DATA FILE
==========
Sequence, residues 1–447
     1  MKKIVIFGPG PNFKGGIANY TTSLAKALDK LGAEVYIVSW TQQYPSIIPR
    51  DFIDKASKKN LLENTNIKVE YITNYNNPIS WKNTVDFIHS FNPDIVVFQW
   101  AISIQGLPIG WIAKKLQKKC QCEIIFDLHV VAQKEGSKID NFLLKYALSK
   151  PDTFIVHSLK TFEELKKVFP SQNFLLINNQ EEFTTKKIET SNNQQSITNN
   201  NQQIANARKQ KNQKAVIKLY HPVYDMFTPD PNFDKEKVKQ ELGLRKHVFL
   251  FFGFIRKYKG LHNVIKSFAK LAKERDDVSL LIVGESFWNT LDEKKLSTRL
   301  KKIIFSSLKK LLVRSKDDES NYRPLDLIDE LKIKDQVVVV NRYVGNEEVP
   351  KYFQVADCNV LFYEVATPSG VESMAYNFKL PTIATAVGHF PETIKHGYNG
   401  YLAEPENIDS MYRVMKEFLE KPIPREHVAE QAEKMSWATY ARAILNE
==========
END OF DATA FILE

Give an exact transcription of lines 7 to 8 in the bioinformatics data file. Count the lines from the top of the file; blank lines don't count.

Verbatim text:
   251  FFGFIRKYKG LHNVIKSFAK LAKERDDVSL LIVGESFWNT LDEKKLSTRL
   301  KKIIFSSLKK LLVRSKDDES NYRPLDLIDE LKIKDQVVVV NRYVGNEEVP